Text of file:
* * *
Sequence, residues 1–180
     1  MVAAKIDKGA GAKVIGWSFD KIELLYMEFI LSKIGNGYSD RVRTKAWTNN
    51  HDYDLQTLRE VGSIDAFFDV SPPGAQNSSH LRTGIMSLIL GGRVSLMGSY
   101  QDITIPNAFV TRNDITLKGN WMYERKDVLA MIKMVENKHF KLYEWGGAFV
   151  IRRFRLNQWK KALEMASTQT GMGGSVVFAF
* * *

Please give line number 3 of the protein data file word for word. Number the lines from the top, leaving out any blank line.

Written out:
    51  HDYDLQTLRE VGSIDAFFDV SPPGAQNSSH LRTGIMSLIL GGRVSLMGSY